By Joey Walter
Over the past century, generation after generation has steadily experienced a change in which facets of Americans’ lives the government is responsible for protecting. While the majority of our current society views programs such as Medicare and Social Security as indispensible prerogatives of the government’s personal entitlement suite, recent federal decisions have seemed to maintain security as its fundamental goal. According to the 2010 Social Security Trustees Report, between 1984 and 2009 the American people contributed $2 trillion more to Social Security and Medicare in payroll taxes than was paid out in benefits. Paul Craig Roberts, former assistant secretary of the U.S. Treasury for economic policy assesses that this surplus was used to finance the War on Terror. The report continues, “Neither the redemption of trust fund bonds, nor interest paid on those bonds, provides any new net income to the Treasury, which must finance redemptions and interest payments through increased taxation, reductions in other government spending, or additional borrowing from the public.” This supposed administrative deceit has not gone unnoticed among the omnipresent muckraking community, as Eastern Illinois Professor Allen Smith concludes, “the most reprehensible fraud is the systematic and total ransacking of the Social Security trust fund…in the upcoming years the American people will wake up to the reality that those IOUs in the trust fund vault are [nonexistent].” Of course, most Americans would not consider this borrowing of their tax money for urgent national crises to be an appalling crime or conspiracy, but our military’s justification for its recent security measures is another issue altogether. At the point where revenue fails to reach the causes specifically chosen by the taxpayer and is instead allocated to endeavors based solely on the government’s agenda, a failure of the democratic social contract as well as outright financial fraud have occurred. If the reality illustrated by these analyses is correct, it would unfortunately paint a picture that our government has lost a modicum of respect for citizen’s votes and earnings. Looking through the more relevant lens of our society’s economic struggles, citizens’ deprivation of the services thought to be entitled to them by the government and by their own payments will most likely lead to negative consequences for all parties involved down the road.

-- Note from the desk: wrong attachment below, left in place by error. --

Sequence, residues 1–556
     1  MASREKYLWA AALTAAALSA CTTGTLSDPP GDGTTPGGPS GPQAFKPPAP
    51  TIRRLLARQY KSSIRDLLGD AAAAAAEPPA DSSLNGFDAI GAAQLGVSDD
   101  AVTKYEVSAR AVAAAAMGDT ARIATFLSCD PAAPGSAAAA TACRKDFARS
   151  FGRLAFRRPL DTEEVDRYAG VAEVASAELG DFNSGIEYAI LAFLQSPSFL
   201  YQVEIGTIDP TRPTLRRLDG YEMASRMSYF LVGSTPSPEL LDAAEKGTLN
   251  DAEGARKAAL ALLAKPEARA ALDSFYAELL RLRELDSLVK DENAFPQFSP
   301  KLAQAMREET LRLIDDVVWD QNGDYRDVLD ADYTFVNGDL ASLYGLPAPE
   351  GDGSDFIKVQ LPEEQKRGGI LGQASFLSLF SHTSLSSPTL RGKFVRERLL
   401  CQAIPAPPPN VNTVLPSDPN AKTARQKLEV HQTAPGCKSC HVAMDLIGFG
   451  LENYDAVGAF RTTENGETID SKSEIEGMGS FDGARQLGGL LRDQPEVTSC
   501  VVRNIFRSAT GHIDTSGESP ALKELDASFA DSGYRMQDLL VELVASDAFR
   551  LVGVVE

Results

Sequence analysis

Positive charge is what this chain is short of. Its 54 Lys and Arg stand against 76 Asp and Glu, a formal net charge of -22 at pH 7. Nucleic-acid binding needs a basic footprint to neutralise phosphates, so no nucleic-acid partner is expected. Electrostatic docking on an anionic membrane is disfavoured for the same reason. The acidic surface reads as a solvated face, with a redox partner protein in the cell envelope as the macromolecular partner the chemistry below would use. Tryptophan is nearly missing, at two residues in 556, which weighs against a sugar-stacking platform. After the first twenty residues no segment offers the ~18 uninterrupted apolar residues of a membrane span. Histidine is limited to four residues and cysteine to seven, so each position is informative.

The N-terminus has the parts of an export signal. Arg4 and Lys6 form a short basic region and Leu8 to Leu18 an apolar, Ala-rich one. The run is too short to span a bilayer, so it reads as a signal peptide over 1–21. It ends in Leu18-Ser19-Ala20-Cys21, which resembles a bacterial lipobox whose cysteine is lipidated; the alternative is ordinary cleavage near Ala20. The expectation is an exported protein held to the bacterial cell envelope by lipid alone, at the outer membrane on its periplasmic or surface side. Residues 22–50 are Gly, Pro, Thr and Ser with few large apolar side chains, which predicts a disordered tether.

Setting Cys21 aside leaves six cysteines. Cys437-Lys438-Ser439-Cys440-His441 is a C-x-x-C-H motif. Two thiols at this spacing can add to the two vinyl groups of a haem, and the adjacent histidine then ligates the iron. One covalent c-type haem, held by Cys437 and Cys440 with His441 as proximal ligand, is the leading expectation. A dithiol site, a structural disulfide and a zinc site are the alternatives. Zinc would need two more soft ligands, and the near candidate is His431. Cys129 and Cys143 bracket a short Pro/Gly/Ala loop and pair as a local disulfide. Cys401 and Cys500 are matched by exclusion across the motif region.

The chief goal of our federal government, as decided by empirical Supreme Court Cases regarding new entitlement programs, must maintain the priority of benefiting the American populous, and intentionally sacrificing a modicum of citizens’ freedom for the purpose of increasing their overall wellbeing may not be inherently bad or unconstitutional. Thus, the deeper question, perhaps, must be whether the administration choosing to tap into the citizens’ trust fund was covertly vying to support their own unwarranted goals or acting on honest risk calculations regarding the American people. Of course, no one ten years ago would have guessed that the very nature of borrowing, or increasing the present-day deficit by a sliver, could yield permanent consequences to the welfare of the United States.